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Title: Mechanisms behind the fate of early chromosomal and transcriptional heterogeneities in the mouse embryo
Author: Singla, Shruti
ISNI:       0000 0004 9348 3565
Awarding Body: University of Cambridge
Current Institution: University of Cambridge
Date of Award: 2020
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A series of events during the first four days of mouse embryo development leads to the formation of a blastocyst. The blastocyst consists of neatly segregated three lineages: the epiblast (EPI), which will form the fetus, the extra-embryonic primitive endoderm and the outer layer of the extra-embryonic trophectoderm (TE). This organization prepares the embryo for implantation and subsequent development. This study aims to explore two broad questions: 1) what mechanisms dictate the fate of the progenies of the chromosomally abnormal cells generated during the 4-8 cell stage division; 2) how the transcriptional heterogeneities between the blastomeres of the 4-cell stage embryo affect subsequent lineage segregation. A high incidence of aneuploidy in the early cleavage divisions is considered the principal cause for low human fecundity and developmental defects. However, there is a dramatic decline in the prevalence of aneuploidy as gestation progresses. To understand the fate of aneuploid cells, a mouse model of chromosome mosaicism was used. In vitro culture system and live imaging demonstrated that aneuploid cells were eliminated from the EPI by apoptosis both during pre- and peri-implantation development. Also, aneuploid cells displayed chronic proteotoxic stress. Subsequently, p53-mediated autophagy eliminated aneuploid cells from the EPI. Unlike aneuploid embryos, 1:1 diploid-aneuploid mosaic embryos show developmental potential equivalent to diploids. Their peri-implantation development was followed, and it was found that while aneuploid cells in the EPI underwent apoptosis, the diploid cells over-proliferated to regulate the overall EPI size. These results elucidate the cellular and molecular mechanisms used by mouse embryo to refine the EPI cell population and ensure only the chromosomally fit cells proceed through the development of the fetus. The second part of the study investigates into the early molecular players that bias cell fate decisions. Sox21 was earlier identified as the most heterogeneous gene at the 4-cell stage that can influence cell fate decision. The deep sequencing of Sox21 knockout and wild-type embryos was carried out at the 4-cell stage and compared. Klf2 and Tdgf1 were found to be important downstream targets of Sox21 that influence lineage segregation. Depletion of both these genes predisposed cells to the TE lineage. Co-overexpression of both these genes rescued the effect of Sox21 knockdown on cell fate. These results demonstrate the mechanism by which Sox21 heterogeneity, from as early as the 4-cell stage, biases cell fate. Together, these findings indicate the fundamental mechanisms used by mouse embryo to ensure developmental plasticity.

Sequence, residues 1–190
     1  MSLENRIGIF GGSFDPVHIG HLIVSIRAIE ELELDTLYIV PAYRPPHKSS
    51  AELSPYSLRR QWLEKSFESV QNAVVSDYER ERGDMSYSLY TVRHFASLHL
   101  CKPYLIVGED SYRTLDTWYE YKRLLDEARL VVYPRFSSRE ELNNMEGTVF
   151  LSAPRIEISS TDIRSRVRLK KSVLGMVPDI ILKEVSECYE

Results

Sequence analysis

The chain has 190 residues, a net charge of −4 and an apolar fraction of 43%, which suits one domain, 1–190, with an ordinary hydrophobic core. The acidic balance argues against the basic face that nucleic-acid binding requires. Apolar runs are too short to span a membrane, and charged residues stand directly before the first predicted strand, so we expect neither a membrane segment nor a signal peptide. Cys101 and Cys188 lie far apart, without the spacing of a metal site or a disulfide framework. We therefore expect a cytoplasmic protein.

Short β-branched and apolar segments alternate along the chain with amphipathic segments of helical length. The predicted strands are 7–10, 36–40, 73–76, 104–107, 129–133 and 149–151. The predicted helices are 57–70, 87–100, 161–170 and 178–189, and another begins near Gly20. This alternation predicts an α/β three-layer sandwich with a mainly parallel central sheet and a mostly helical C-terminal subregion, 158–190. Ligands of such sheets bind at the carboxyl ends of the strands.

Supervisor: Zernicka-Goetz, Magdalena Sponsor: Not available
Qualification Name: Thesis (Ph.D.) Qualification Level: Doctoral
Keywords: embryology ; mouse preimplantation ; mouse postimplantation ; mouse periimplantation ; autophagy ; aneuploidy ; apoptosis ; heterogeneity ; plasticity